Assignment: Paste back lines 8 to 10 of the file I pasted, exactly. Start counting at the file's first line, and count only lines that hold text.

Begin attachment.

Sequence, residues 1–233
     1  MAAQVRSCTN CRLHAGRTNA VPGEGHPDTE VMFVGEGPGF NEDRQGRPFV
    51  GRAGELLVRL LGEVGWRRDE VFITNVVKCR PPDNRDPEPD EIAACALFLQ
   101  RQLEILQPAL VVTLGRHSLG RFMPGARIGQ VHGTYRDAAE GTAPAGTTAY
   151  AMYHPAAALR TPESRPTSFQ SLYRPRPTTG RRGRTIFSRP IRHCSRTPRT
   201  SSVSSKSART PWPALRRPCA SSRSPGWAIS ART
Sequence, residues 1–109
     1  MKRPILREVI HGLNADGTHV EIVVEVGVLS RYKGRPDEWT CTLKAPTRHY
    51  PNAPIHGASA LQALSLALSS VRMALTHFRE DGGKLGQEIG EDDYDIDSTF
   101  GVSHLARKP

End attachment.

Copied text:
     1  MKRPILREVI HGLNADGTHV EIVVEVGVLS RYKGRPDEWT CTLKAPTRHY
    51  PNAPIHGASA LQALSLALSS VRMALTHFRE DGGKLGQEIG EDDYDIDSTF
   101  GVSHLARKP